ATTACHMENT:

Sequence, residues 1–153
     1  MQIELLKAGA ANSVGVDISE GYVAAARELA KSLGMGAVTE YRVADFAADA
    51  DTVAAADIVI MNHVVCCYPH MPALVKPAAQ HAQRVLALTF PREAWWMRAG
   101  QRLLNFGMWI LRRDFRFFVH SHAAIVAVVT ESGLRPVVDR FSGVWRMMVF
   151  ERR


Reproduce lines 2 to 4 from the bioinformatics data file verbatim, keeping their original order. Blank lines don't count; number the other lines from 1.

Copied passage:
     1  MQIELLKAGA ANSVGVDISE GYVAAARELA KSLGMGAVTE YRVADFAADA
    51  DTVAAADIVI MNHVVCCYPH MPALVKPAAQ HAQRVLALTF PREAWWMRAG
   101  QRLLNFGMWI LRRDFRFFVH SHAAIVAVVT ESGLRPVVDR FSGVWRMMVF